The Pyramids Variations (Learn to Improvise on a Chord Sequence) is about being able to "just sit down and play" the piano - like a guitarist can just pick up the guitar and strum a few chords. (In fact, "strumming the piano" wouldn't be a bad course subtitle!)
The first part of the course coaches you to an impressive 'Concert Performance' piano solo based on a simple hand position. The second half goes on to show how you can become a creative 'composer at the keyboard' by varying and recombining the musical building blocks you've mastered.
Lessons consist of web pages and pdf lesson notes. The web pages host hundreds of audio and video performances of the examples and the course includes the MIDI files of the musical examples along with the MidiPiano virtual keyboard to play them on, making mini how-to videos for everything you need to learn.
The Pyramids Variations course consists of 20-plus practical lessons – probably two whole semester/term's-worth of creative course curriculum.
You do NOT need to be able to read music to benefit from this course, but all the MS is there for good readers. There's a link to extensive 'try before you buy' web content in the Introduction article to help you decide if the Pyramids Variations is for you.
Introduction to composing at the keyboard with the Musicarta Pyramids Variations.
With a simple hand position anybody can copy, you can be playing a chord sequence in your very first lesson.
In this lesson, you straight away start to explore how the Basic Music-making Position helps you make variations on your Pyramids chord sequence.
It's great playing chords, but a piece of music needs a tune as well. Fortunately, the Pyramids melody grows straight out of the chords you already know.
Pyramids goes large! What you can do with two chords, you can double to four, making a grand-sounding bottom-to-top keyboard chord study. Add the melody on top for a very impressive Lesson Four performance.
Chord tones are usually the first choice for a melody, and in-between notes are often used to join them up.
Lesson Six adds new music to create a piece which has the indispensable popular song 32-bar 'AABA' structure.
The new 'B section' music now has to be expanded to four-chord dimensions.
You've done it! You have now learned all the building blocks of your stunning Concert Performance. All's that left to do now is assemble and practice.
Jump right in with an extended medley-style Concert Performance which gives you more performance minutes for all your hard work - at no extra cost!
Developing the bass line is a fine opportunity to think about melody and improve your playing-by-ear and improvising/composing skills.
If we raise the top note of an A minor root position triad one step, we get a first inversion chord of the next chord in the Pyramids chord sequence – F major.A simple trick which opens the door on a host of new sounds.
What goes up can come down! Playing your mixed-inversions variation top-to-bottom adds a new twist and offers the chance to experiment with melodic movement again.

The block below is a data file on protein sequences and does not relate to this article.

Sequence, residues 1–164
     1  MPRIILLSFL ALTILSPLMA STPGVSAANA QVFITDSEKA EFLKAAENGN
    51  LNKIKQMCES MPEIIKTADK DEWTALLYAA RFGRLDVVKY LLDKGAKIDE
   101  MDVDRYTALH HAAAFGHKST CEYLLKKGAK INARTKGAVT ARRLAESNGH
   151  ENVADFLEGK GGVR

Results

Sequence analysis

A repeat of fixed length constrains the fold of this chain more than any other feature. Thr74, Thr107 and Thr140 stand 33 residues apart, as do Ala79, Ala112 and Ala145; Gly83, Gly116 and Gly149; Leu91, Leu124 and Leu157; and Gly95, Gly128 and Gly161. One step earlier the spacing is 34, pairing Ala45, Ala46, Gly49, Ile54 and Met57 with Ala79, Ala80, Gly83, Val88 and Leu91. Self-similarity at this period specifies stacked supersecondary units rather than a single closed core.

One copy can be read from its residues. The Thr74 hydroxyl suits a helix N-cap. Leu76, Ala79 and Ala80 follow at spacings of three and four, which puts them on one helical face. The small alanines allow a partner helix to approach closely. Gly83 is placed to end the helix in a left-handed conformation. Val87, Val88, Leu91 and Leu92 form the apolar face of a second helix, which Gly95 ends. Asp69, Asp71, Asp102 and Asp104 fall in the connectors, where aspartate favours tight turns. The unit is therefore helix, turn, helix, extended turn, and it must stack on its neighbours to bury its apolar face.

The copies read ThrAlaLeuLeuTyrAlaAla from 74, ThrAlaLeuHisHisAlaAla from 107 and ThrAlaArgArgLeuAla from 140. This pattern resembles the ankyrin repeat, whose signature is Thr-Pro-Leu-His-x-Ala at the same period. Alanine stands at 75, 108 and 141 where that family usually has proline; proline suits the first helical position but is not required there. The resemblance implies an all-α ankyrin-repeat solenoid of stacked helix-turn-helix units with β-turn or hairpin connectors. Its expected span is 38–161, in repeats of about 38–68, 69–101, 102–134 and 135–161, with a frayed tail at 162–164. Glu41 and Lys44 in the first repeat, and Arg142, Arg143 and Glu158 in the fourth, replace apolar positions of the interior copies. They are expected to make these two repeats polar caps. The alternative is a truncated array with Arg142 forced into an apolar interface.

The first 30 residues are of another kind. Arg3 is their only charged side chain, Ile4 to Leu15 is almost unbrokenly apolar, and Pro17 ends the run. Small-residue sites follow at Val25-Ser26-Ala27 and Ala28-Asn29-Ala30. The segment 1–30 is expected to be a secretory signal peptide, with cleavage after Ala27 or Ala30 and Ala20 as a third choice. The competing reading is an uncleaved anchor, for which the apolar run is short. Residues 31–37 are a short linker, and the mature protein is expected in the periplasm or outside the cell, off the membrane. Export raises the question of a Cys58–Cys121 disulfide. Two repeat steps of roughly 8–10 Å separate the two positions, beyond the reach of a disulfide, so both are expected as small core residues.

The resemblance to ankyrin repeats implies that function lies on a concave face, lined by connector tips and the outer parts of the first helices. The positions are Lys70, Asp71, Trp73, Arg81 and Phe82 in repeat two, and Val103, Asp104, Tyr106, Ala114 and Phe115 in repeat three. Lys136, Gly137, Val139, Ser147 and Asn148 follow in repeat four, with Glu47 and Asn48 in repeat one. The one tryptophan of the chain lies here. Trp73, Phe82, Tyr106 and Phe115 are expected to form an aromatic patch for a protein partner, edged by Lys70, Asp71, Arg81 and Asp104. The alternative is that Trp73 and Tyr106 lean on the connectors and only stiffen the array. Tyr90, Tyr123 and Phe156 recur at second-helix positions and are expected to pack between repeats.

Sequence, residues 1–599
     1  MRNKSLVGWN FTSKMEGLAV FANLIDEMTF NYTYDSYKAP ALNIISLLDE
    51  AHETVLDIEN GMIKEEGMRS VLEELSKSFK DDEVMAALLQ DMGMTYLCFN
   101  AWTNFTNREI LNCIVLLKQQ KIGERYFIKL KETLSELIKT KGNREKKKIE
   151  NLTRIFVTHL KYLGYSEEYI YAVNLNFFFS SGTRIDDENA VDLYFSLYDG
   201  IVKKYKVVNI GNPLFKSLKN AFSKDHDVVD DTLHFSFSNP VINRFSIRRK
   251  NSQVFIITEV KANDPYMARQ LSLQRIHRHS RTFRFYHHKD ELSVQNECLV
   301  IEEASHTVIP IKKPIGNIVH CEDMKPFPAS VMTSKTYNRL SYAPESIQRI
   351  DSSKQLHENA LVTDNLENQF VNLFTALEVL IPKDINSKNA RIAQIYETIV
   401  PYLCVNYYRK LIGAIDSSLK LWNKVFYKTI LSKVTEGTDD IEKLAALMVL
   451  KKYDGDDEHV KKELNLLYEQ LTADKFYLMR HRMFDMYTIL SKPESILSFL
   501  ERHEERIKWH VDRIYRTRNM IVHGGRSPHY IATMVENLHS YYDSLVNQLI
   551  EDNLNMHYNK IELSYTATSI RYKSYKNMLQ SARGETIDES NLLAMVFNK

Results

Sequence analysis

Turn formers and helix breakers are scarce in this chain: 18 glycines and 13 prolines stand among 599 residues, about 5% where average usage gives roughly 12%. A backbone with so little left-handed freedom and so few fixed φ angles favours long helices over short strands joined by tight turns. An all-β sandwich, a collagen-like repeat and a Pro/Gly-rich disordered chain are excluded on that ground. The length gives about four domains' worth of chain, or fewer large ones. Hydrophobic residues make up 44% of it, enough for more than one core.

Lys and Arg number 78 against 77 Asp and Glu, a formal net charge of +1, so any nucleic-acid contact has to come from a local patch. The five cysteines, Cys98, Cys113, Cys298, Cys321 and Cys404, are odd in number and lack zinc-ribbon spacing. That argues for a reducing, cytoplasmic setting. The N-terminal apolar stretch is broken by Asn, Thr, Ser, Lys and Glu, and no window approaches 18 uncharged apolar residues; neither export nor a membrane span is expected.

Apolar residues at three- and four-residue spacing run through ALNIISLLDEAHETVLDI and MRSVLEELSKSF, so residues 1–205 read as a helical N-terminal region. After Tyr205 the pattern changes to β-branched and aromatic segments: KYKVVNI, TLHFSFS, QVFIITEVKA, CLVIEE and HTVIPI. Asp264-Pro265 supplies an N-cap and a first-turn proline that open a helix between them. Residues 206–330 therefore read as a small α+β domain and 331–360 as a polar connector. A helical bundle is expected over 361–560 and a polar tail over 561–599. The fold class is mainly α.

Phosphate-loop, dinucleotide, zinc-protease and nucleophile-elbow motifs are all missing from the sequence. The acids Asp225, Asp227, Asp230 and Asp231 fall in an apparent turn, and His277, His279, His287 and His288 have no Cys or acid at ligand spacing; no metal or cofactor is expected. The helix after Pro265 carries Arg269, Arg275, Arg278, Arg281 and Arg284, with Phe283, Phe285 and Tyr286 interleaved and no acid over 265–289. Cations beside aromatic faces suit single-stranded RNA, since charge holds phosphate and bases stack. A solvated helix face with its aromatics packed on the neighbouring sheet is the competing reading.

Six-eight isn't a very 'rock music' rhythm, but four-four time definitely is. Here's a module that will convince you that what you're learning really is applicable to all styles of music!
The circle of fifths is the most powerful chord sequence in Western music. You cannot study popular music harmony for long without learning about it. Fortunately, the Pyramids Variations easily adapts to demonstrate this harmony mother-lode.
Suspensions - temporarily raising a chord tone one step - are a great way to get more out of chords. Another simple trick you can apply across the board!
This is a catch-up module giving you the opportunity to showcase the variation-composing techniques you've learned so far.
Broken chords are virtually 'music to go', and a staple of the popular keyboard style. Practicing broken chords is never wasted, and the Pyramids Variations chord sequence is a great starting point.
This solo started life as Broken Chord Variations 3. An ideal vehicle for getting carried away by the music.
The Musicarta ‘left-hand-over style’ – bringing the left hand over to play chord tones in the treble – is a good way to fill out your sound, as well as being fun to play and looking good.
The 'Alberti bass' is a simple broken-chord accompaniment from the Classical era - and a great stand-by for 'messing round with chords'.
A few words about going on from here.
Bob Chappell (aka Mister Musicarta) has been "messing round with chords" since he got turfed off the school piano for playing four-handed boogie with a pal. A lifetime musician, playing for functions and ballet class and every modern style under the sun, Bob now teaches and plays in Cape Town, South Africa.
Years of teaching a creative curriculum called 'composing at the keyboard' have been honed down to what works best to free that musician within. Visit the Musicarta website and Mister Musicarta YouTube channel (links below) to sample my approach.
Looking forward to seeing you on the courses!